Friday, January 9, 2009

Pictures of the Melting Snow and What Not

This is a picture of Beautiful's run--there was a lot of snow that melted in it a few days ago, and then last night's freeze turned it to ice. It's an ice-skating rink, but I was impressed with her ability to walk on it. Still, I worry, so......

Beautiful got locked up where she'll be safe! We lost a colt on Martin Luther King Day of '05 due to ice just like this. He slipped, fell, and broke his shoulder. Here's a picture of him when we purchased him and brought him home.

After he fell, we donated him to WSU to do a special surgery and rehabilitation and, if he made it, adopt him out. He made it! And, was adopted by a vet student from Oregon--who later sold him to a family in Seattle. Here is a picture she sent me.

Here are some more photos of the mud and Cowboy's stall after putting in woodchips. (In this weather we can't keep up with them, and woodchips are costing us $8.00 a bag.

The BIG puddle we tried to build a berm to keep it out of the barn--and were successful.

This is mostly snow with mud and manure mixed in. It's as far as we could get it before the tractor got stuck.

Our trailer was snowed in. It's much better now.

Also, I did get that pendant, and it turns out that she also does CUSTOM portraits for pendants and many other things. On eBay her pendants were 19.99 or 24.99--so I imagine they'd be in that range. Here is her website, if you're interested: Pavilion Pony. Here are some samples of her work.


  1. Beautiful looks like she misses going outside! It's best for her though. When I started reading the story of your '05 colt that fell and broke its shoulder, I feared you were going to say the horse died. Wow, what a gorgeous horse it grew into! So happy to see that picture.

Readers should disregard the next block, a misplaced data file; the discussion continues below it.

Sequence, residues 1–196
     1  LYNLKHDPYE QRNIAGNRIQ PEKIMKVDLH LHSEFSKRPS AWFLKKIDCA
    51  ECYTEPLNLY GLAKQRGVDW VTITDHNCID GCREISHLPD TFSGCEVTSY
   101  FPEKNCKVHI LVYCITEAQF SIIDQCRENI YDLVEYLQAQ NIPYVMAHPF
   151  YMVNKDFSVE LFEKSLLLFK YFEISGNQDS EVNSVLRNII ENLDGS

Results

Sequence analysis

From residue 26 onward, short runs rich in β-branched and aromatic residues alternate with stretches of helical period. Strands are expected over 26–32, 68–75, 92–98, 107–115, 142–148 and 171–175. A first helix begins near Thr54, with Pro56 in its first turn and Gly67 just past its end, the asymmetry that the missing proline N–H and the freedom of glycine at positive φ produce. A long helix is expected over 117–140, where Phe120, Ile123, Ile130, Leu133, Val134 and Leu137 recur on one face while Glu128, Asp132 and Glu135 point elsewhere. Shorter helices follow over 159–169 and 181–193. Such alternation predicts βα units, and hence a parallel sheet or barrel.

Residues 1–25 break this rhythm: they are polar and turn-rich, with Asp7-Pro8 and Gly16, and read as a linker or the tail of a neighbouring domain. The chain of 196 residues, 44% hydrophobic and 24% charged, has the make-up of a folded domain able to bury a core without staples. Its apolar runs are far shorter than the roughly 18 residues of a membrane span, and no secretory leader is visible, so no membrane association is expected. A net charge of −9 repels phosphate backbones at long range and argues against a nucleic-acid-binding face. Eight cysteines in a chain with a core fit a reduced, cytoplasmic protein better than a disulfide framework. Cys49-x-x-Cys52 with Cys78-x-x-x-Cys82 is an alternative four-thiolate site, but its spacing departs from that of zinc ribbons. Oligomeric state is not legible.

2. Joanne--that was a very sad episode for us. My daughter Shiloh, who was around 13, had saved up all her money for over a year to buy that colt. She knew exactly which one she wanted--which stallion, which farm. When the colts hit the ground that Spring, we were up there to see them, and she was picking out her "DREAM HORSE". We waited five months, visiting him when we could, to bring him home.

    The day that happened, when he broke his shoulder, she didn't want to let him out into the turnout to run, but I made her.

    I did because I thought it had melted enough that it wouldn't be a threat, and he'd been cooped up for about a week.

    He ran for about ten seconds, slipped, and stood up with his leg out--gentle natured as he was, he waited for us to halter him, and then limped back to his stall.

    For a week he was misdiagnosed by the local vet who couldn't get x-rays that high. I sat in his stall with him every day and cried--both for him because he was such a strong, trusting and loving colt, and for my daughter, who had so many losses--I had counted on him to make them all up for her.

    I didn't think my daughter would love horses the same way after that, and in honesty, she hasn't--but the family all helped her buy another--her palomino filly, Cowgirl. We drove to Southern Idaho through ice, snow and fog all the way to Southern Idaho to pick up that horse. She didn't replace Magic, but it kept Shiloh going with horses.

    The way we found out that Magic had survived--and who owned him, is another tragic story--I'll have to tell sometime.

    It reminds me of that saying I've put on here before, "I will not bring sorrow into a world where sorrow finds me on its own."

  3. We used to get our sawdust from a lumber mill. $20.00 to fill the back of a truck (no matter what the size). It might be something for you to investigate.

  4. I remember the colt very well and the pain and anguish his injury brought to all of you. I'm soooo happy to see his picture and know that he is now strong and handsome.
    Love to all, Mom


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